Yesterday, the FHFA announced that Fannie Mae and Freddie Mac will extend the moratoriums on single-family foreclosures and real estate owned evictions until at least January 31, 2021. The foreclosure moratorium applies to Enterprise-backed, single-family mortgages only. The REO eviction moratorium applies to properties that have been acquired by an Enterprise through foreclosure or deed-in-lieu of foreclosure transactions. The current moratoriums were set to expire on December 31, 2020.
The number of loans now in forbearance increased from 5.48% of servicers’ portfolio volume in the prior week to 5.54% as of November 22, 2020. According to MBA’s estimate, 2.8 million homeowners are in forbearance plans. It’s something Rise&Shred calls Foreclosure Creep. The numbers are creeping up, as is the threat of a bigger jump, which is also creeping up on us.
The increase was across all loan and servicer types — including GSE loans, which had previously declined for 24 straight weeks, saw an increase last week. The share of Fannie Mae and Freddie Mac loans in forbearance increased for the first time in 25 weeks to 3.36% – a 1-basis-point increase.
Ginnie Mae loans in forbearance increased 10 basis points to 7.83%, and the forbearance share for portfolio loans and private-label securities (PLS) increased by 15 basis points to 8.63%. The percentage of loans in forbearance for independent mortgage bank (IMB) servicers increased 9 basis points from the previous week to 6.03%, and the percentage of loans in forbearance for depository servicers increased 3 basis points to 5.47%.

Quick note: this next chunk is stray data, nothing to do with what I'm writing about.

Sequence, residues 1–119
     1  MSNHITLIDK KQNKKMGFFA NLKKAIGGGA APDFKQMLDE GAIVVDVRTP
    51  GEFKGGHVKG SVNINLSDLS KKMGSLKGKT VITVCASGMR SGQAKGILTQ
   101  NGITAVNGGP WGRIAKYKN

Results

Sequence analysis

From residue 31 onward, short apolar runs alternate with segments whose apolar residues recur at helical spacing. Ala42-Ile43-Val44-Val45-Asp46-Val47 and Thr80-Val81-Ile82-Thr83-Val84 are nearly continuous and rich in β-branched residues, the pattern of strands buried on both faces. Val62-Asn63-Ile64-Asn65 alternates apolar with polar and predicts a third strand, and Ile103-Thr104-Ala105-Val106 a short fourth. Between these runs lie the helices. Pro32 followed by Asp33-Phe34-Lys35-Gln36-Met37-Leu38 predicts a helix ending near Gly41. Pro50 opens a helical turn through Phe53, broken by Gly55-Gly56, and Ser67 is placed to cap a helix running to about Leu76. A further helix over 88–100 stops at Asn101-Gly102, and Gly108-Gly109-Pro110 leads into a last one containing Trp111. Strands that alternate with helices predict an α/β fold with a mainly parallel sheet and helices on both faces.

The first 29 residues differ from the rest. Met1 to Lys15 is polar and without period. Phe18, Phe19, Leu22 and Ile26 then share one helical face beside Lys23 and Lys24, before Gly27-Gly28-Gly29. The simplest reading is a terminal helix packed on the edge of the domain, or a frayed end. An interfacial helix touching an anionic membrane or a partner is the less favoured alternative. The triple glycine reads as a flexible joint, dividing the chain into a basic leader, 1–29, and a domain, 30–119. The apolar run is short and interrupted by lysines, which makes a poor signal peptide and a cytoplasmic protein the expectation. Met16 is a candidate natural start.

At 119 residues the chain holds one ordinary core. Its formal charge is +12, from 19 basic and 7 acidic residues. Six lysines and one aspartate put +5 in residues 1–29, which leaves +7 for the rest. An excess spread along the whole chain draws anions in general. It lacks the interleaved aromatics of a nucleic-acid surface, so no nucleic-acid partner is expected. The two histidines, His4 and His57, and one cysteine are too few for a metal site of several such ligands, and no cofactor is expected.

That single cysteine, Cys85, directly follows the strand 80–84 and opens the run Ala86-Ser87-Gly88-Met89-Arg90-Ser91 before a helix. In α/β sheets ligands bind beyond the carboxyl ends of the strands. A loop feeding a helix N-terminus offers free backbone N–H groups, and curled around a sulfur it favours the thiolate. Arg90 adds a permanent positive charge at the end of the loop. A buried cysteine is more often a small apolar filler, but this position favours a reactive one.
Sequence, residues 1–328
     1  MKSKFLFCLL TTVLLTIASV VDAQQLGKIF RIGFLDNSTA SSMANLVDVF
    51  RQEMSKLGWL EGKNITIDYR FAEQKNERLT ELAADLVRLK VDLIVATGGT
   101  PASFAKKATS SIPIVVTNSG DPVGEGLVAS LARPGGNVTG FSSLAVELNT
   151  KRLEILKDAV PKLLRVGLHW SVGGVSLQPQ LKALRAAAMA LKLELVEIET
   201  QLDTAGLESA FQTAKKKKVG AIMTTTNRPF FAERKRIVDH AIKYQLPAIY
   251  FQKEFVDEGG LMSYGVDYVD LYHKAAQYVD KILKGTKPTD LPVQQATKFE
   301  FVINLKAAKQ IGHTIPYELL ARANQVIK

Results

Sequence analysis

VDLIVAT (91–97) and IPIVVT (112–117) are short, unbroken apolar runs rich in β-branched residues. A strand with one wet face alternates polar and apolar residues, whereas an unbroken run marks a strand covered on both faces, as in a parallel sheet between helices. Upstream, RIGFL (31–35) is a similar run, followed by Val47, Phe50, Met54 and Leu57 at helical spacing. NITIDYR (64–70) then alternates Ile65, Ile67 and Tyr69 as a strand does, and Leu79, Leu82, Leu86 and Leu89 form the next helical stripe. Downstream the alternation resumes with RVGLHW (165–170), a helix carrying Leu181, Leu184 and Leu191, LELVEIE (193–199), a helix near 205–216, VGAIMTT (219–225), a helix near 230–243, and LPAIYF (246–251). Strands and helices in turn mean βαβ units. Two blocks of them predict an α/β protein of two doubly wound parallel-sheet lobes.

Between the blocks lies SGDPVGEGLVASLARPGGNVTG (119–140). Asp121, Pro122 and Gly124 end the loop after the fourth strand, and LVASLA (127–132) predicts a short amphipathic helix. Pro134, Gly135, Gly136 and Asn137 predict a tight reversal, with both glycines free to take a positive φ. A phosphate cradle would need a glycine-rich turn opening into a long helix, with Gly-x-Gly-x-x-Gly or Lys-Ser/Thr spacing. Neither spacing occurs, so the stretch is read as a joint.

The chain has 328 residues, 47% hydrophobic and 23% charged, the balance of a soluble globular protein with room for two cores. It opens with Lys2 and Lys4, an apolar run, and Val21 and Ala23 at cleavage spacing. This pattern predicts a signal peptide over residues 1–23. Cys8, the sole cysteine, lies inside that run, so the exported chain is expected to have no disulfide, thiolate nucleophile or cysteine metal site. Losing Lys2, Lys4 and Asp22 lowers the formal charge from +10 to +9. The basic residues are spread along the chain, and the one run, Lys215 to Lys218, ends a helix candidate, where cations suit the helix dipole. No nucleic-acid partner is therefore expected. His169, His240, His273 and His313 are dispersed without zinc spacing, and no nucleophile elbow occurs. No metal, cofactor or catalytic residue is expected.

Mike Fratantoni, MBA’s Senior Vice President and Chief Economist, said that the numbers also reflected an increase in forbearance re-entries, as
borrowers who had previously exited sought relief again.
“The increase in new forbearance requests may be the result of additional outreach to homeowners who had previously not taken advantage of forbearance opportunities,” he said in a statement. “However, the slowing rate of exits to a new survey low further highlights that borrowers still in forbearance are increasingly challenged by the renewed restrictions on economic activity to contain the surge
in COVID-19 cases.”